I originally bought a 200W Servopack and a 200W motor with absolute encoder and brake. I noticed those features when I bought the motor but didn't realise I'd find it impossible to set up. Having
- The motor is in some way incompatible with the drive. Various of the myriad errors sort of suggested this - but it's hard to see how that could be.
- The absolute encoder was buggered or had an incompatible signal. The data is transferred by some form of high speed (serial) comms. Possibly just RS485 or similar but I wouldn't know even if it slapped me in the face.
- Some issue with the backup battery connection. Pretty certain this isn't the case but I get the strong impression the encoder is at the root of the issue and being an absolute encoder, it requires a battery.
- Perhaps the drive is buggered or has too early a version of the firmware to support the motor I presented it with.
- Fucknose. I ran out of both ideas and the will to take this any further. I have a life to live.
So I bit the bullet and sniffed out a matched pair that was shown to be working by the seller. While I was at it, I upgraded from a 200W system to a 400W one, as I was concerned that the drag torque on the harmonic drive was possibly going to bother the motor. The last thing I wanted was to end up having to buy a third motor and drive. The cost difference from the power upgrade was perhaps £20-25 or so.
The absolute / braked system is now sitting on a shelf. That's how it spent most of the last decade of course, so it should be happy there....
Yaskawa's SigmaWin+ software connects up via RS232 and allows complete configuration of the drive from a PC. Being Yaskawa, the servos are capable of being configured for just about anything you could imagine using a servo motor and drive for.
Firstly, let's see what it reports finding. Yep, an SGDM-04ADA Servopack and an SGMAH-04ABA21. That's a 400W Sigma II Servopack (we are now at Sigma 7, IIRC) and matching 400W motor with 16 bit (relative) encoder. That's a good start.
I could see from the ebay photos that these were no spring chickens. The Korean seller had posted YT videos of them working some years back, when they had already been removed from equipment. Sure enough, the motor has just celebrated its 20th anniversary.
Although the Servopack itself is "only" 13.5 years old. I knew this when I bought them but the data is burned into the components and can be see via the software. At least it's still talking to us.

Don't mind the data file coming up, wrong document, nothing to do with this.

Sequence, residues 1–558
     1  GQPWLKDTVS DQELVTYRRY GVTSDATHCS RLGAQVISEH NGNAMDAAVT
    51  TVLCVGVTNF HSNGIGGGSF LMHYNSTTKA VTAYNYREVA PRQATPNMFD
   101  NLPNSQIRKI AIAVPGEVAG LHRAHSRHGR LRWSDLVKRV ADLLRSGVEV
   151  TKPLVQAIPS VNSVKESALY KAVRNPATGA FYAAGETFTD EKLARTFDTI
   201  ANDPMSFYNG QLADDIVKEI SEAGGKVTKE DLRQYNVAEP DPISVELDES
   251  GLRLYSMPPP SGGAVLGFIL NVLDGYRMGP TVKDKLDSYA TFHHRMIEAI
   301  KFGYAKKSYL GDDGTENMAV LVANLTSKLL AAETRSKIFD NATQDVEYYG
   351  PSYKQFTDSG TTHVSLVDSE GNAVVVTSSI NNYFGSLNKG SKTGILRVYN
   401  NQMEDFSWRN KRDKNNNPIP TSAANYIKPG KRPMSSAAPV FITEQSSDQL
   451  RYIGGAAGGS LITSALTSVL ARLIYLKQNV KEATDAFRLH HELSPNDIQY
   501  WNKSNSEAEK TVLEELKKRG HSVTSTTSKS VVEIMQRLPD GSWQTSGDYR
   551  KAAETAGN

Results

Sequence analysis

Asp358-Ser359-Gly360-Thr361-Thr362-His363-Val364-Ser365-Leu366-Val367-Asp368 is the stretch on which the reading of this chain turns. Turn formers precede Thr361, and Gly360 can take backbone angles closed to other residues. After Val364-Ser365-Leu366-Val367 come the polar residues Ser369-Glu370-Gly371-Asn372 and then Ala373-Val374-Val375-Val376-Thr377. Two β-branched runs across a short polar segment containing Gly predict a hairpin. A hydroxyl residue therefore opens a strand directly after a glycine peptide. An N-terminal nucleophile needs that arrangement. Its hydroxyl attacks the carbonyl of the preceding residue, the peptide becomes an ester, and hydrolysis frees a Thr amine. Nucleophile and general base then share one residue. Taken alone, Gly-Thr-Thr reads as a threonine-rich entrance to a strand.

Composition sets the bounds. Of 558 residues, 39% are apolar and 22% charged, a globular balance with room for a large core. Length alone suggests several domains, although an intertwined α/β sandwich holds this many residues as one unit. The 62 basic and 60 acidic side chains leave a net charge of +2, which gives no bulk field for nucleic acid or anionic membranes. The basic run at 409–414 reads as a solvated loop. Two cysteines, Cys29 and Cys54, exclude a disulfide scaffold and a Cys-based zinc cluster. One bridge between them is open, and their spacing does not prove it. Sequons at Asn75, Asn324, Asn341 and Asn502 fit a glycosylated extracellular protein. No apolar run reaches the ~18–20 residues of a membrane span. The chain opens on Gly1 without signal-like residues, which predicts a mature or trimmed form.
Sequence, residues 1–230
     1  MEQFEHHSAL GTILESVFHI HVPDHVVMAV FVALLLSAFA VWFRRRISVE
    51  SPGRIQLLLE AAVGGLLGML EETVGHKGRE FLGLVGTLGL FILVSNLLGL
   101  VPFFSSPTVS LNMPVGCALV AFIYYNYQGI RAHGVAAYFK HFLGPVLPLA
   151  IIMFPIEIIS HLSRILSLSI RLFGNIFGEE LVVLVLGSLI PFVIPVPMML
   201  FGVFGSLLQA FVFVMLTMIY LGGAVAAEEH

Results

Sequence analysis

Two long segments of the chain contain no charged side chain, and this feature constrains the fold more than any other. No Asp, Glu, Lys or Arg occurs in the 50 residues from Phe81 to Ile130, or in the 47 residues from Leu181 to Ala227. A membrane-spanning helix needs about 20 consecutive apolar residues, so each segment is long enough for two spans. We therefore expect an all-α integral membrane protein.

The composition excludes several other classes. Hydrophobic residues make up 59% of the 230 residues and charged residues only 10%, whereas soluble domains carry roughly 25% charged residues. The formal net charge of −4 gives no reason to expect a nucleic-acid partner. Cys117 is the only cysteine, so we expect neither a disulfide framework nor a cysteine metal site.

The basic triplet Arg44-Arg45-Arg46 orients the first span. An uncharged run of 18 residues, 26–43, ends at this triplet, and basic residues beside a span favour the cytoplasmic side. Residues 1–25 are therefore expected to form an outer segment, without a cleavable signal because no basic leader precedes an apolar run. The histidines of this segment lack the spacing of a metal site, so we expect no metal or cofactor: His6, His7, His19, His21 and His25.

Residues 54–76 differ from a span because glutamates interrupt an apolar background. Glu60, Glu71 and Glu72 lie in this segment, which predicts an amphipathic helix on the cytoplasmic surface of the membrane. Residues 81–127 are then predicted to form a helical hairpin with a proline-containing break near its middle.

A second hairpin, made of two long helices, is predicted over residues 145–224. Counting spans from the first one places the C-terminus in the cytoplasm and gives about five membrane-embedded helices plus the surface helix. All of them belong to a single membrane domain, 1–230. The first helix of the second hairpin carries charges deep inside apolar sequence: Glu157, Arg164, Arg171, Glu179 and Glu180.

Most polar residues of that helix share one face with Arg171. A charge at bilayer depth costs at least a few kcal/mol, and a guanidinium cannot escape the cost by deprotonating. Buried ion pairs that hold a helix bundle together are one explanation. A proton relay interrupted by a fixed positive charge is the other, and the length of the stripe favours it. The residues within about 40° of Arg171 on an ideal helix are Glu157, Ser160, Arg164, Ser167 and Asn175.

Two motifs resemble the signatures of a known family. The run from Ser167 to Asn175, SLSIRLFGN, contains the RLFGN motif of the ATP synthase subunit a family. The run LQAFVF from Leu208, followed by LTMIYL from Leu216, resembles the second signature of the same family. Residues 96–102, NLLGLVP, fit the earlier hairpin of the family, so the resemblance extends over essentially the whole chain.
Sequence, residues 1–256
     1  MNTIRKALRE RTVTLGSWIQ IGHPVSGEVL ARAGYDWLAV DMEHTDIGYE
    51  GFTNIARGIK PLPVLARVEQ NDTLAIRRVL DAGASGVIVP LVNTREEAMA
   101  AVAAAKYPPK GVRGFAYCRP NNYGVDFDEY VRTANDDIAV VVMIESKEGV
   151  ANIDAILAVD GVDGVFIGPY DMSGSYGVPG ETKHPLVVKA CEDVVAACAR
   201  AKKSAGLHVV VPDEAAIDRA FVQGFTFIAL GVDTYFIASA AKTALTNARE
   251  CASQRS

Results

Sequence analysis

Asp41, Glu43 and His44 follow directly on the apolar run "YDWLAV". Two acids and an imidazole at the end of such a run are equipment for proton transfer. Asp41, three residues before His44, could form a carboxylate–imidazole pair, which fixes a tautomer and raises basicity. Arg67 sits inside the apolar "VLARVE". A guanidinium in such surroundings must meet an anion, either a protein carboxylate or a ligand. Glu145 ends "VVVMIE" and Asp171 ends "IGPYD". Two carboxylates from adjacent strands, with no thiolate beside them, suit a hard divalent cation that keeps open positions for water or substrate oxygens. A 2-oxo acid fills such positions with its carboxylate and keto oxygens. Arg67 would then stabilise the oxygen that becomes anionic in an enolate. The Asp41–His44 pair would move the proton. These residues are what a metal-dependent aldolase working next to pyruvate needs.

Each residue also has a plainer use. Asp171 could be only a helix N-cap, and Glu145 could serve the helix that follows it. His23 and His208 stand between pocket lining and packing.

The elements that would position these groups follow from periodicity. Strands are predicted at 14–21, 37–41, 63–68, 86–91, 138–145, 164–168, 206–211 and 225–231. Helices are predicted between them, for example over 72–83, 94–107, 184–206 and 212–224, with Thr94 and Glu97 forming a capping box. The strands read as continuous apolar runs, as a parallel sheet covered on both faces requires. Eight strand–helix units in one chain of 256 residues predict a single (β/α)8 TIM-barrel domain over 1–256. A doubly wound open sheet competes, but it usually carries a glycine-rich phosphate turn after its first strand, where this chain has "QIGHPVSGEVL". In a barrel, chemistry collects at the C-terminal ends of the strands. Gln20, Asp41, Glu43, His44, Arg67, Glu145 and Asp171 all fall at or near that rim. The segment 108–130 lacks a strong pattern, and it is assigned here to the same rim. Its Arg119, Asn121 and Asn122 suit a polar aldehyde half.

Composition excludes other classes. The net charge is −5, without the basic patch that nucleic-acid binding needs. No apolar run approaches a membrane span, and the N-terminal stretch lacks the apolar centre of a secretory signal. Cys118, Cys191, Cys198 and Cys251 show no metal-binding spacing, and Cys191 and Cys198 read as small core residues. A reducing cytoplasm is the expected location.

These compts came from equipment, that was either scrapped or had a scheduled replacement of critical parts, so likely had settings according to those applications. Best for me to start all over again. For this, there is a step-by-step wizard to guide you through and set up all the critical parameters.
Here's the user manual for the drive. And the Sigmawin+ software is here.
Flash up the Parameter Wizard:
Here's the starting screen:
First, set up the type of control and the input types etc. I want position control using step / dir inputs. Having chosen position control, the default settings are pretty much what I need.
Then there's the Electronic Gear settings. As I have a reduction ratio in the timing belt drive, I need to make us of this.
This then provides a range of "mechanical structures". The "round table" structure is what I need.
First, select the ratio. In my case that's the 34t - 60t pulley reduction.
You can then select the minimum movement of the output (in my case I think this means the chuck on my 4th axis). 0.01 degrees resolution sounds a bit silly but it's the default. I may choose to reduce this to 0.1 degrees or so later but it will do for now. I can't recall how many decimal places the Centroid CNC12 displays but it may be convenient for them to concur.
I may be ogliged to measure the final backlash for willy waving purposes, which will require a high step resolution. I can always dial it back again to something more sensible afterwards.
Then the "output pulses per rev" setting. This seems to set the required number of pulses from the Acorn to drive the motor one revolution. The "Position Control" "Calculate" option seems to match the gear ratio, presumably to avoid non integer results. I'm not absolutely 100% certain here but I'll be coming back to this later. I'll need to match this with the steps per rev settings for the 4th axis in the Acorn Wizard.
Then there's the IO settings. I've accepted the defaults here. I may choose to disable some of these, such as the POT and NOT (Positive Over Travel, Negative Over Travel) limit inputs and possibly the servo enable input.
I'll have to think about how / if to connect any outputs back to the Acorn, such as the "on position" or "drive OK" type status signals.
That's it for now. At this point it's helpful to write the settings back to the drive. Pressing this "Write" button before hitting the "Finish" button is timely here.
There's also a couple of wizards for optimising the PID settings, estimating MoI and searching for resonances etc. I have to say I couldn't get the Mechanical Analysis Wizard to do much. The motor makes a short noise which suggests it's being energised but I couldn't see or feel any movement. Doesn't seem likely that this actually achieved anything useful but I should worry about this later. once I've got the thing working with the Centroid controls. I wouldn't be surprised to find that the default settings are fine for my application, as I'm barely doing anything to challenge its capabilities here.
Looks impressive at first glance, although it doesn't loom like a convincing Bode plot to my eyes. Clearly I didn't achieve anything remotely useful here, so I discarded the changes.
So there you have it. I have a servo motor and drive running in the 4th axis. And a note of the settings I made on the first pass.